It is imperative that we do all we can to restore the public's trust in vaccinations. And the only way we are going to resolve the conflict of opinion over thimerosal is through more research. Unfortunately, if the Department of Health and Human Services never funds or conducts the right studies, and given their current track record on the subject that is very likely what will happen, this question will forever remain unanswered. That will be a national tragedy because often once an environmental cause is discovered, immediate steps can be taken to prevent new cases and abate the epidemic. In addition, knowledge of the environmental cause or triggers often leads directly to more effective treatments.

For example, this bill promotes the use of evidence-based interventions for those at higher risk for autism. However, so long as we ignore the potential danger of mercury many biomedical interventions, such as restricted diet, applied kinesiology and/or chelation therapy - which many families have found to be the best treatments for their children with autism - will be excluded from the list of evidence-based treatments.

I stand here today not just as a concerned grandfather of an autistic child but as the voice for the hundreds of parents and families who continue to contact my office looking for help for their children. They are our constituents, we represent them in the People's House, and I hope we are all listening to them. The debate about mercury in vaccines must be addressed, investigated and resolved. Parents have a right to know what happened to their children regardless of where the truth lies. And we have a responsibility to those children and families already suffering. In the meantime, we should err on the side of caution and remove thimerosal, even trace amounts, from all vaccinations.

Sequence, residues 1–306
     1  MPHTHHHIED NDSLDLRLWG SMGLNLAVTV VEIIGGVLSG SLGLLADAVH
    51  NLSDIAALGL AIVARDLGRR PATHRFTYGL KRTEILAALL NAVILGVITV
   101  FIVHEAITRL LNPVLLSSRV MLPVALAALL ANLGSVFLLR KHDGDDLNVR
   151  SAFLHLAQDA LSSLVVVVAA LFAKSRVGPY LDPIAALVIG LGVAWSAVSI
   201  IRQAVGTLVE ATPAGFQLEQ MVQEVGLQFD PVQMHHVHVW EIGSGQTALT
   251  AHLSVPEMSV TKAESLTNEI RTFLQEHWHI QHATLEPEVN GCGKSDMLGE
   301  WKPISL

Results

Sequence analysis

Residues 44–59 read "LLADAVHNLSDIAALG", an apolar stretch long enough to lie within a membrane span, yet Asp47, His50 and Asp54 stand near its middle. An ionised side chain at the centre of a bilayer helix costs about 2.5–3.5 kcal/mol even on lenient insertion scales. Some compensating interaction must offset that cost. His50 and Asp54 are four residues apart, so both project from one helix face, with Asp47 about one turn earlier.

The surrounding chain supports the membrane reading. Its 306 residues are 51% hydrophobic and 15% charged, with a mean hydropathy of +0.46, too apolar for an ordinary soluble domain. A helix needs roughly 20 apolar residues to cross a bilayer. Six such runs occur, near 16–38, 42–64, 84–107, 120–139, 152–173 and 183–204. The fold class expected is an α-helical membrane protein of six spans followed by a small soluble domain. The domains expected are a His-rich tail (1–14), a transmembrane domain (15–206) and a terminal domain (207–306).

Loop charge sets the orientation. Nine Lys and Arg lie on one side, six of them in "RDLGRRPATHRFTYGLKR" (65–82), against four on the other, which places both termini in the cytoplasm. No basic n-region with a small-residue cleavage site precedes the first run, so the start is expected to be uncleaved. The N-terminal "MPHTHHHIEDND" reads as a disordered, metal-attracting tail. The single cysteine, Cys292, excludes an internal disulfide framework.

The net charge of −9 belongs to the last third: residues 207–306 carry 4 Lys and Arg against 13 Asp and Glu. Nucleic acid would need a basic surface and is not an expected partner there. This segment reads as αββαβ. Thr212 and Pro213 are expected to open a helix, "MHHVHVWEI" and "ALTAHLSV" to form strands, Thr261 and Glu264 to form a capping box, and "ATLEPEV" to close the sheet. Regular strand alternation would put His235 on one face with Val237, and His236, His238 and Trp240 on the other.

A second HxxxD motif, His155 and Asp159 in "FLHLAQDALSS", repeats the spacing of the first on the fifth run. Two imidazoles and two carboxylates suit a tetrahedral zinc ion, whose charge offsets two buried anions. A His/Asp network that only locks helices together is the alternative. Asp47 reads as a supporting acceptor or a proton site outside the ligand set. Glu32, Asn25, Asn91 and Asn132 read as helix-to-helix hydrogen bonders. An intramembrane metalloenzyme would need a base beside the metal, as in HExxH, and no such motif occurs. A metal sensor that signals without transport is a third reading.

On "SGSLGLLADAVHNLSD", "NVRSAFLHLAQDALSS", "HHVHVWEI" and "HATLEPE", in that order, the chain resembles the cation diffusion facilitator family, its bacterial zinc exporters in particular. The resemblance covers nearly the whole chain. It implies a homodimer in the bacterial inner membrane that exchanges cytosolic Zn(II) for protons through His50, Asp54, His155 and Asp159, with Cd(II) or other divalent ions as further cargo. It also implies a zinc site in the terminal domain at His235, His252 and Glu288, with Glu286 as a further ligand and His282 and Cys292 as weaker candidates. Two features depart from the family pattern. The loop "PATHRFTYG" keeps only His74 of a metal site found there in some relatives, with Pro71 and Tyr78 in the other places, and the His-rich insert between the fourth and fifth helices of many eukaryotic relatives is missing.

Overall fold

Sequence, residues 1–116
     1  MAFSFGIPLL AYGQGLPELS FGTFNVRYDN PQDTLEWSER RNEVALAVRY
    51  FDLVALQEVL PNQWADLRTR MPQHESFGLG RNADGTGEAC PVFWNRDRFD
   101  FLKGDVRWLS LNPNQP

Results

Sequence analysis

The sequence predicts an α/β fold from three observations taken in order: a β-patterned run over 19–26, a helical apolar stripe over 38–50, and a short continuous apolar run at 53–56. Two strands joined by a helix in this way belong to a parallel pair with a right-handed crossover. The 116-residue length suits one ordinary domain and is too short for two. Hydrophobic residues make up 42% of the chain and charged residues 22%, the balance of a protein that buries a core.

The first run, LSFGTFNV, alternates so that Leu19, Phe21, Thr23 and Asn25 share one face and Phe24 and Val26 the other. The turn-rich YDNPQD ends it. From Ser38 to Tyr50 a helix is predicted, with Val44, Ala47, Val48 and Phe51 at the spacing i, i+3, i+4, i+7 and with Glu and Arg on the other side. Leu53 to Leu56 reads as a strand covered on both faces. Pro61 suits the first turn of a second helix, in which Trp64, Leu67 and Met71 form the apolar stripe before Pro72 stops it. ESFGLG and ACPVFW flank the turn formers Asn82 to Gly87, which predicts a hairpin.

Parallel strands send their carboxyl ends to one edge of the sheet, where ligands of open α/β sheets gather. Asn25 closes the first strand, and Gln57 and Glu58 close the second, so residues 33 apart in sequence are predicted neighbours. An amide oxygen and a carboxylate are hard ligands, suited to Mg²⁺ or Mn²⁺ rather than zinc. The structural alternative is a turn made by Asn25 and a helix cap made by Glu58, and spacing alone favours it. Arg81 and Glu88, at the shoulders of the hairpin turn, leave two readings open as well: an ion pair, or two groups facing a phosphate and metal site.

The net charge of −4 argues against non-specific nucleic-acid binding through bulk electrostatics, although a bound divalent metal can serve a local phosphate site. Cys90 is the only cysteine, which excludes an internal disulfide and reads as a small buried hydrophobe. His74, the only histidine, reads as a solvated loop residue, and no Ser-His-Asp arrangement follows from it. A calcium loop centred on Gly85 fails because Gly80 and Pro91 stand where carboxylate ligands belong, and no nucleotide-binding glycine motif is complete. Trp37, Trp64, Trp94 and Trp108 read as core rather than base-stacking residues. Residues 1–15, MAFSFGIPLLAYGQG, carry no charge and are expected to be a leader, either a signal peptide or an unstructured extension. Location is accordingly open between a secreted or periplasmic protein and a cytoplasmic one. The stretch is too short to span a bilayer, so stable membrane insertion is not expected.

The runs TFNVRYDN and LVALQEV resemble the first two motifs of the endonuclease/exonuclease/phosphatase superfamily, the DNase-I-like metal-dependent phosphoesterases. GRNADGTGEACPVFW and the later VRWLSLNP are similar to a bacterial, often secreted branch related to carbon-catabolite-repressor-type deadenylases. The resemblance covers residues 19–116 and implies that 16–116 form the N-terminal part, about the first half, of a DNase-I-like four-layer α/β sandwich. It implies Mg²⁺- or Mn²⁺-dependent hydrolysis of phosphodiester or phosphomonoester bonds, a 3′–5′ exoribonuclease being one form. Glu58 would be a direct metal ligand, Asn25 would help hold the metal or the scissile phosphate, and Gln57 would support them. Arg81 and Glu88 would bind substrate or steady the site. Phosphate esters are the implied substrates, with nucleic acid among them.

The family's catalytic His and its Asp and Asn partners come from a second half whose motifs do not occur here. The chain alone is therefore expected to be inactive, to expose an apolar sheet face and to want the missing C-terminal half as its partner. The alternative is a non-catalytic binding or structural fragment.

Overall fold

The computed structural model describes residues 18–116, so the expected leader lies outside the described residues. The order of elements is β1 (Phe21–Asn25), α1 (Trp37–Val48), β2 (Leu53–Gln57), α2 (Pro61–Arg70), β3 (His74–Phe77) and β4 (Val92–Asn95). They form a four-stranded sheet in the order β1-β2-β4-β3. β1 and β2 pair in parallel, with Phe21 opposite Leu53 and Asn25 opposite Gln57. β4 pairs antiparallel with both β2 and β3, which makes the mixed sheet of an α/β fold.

By failing to provide a clear Congressional mandate to research ALL of the potential environmental causes of Autism Spectrum Disorders (ASD), including vaccines and their preservatives, I believe we are handicapping our efforts to give all ASD patients the best possible quality of life and the ability to make the greatest possible contributions to society. I hope that in the coming weeks, months and years this Congress will push for further research into the question of thimerosal and autism so that one day we will be able to say that we have done everything possible to stop and treat this epidemic. In the meantime, I urge my colleagues to support this very good bill.

Thursday, February 28, 2008

If this happens a super flu bug is sure to follow

The New York Times
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February 28, 2008

Panel Advises Flu Shots for Children Up to Age 18

All children ages 6 months to 18 years in this country should receive an influenza shot every year, a federal advisory panel said on Wednesday.

The recommendation expands by about 30 million the number of children who should get annual flu shots. Current pediatric recommendations call for influenza vaccinations for children ages 6 months to about 5 years.

In expanding the new upper age limit to 18 years, the aim is to reduce both the time children and parents lose from visits to pediatricians and missing school and the need for antibiotics for complications, said Dr. Anne Schuchat, who directs the disease agency’s program on immunization and respiratory diseases.

An added expected benefit would be indirect — to reduce the number of influenza cases among parents and other household members, and possibly spread to the general community.

The recommendation, which is voluntary, was made by the Advisory Committee on Immunization Practice, which advises the Centers for Disease Control and Prevention in Atlanta. The C.D.C. and its parent, the Department of Health and Human Services, generally follow the advice of the committee, which is composed of vaccine experts from academia and the private sector.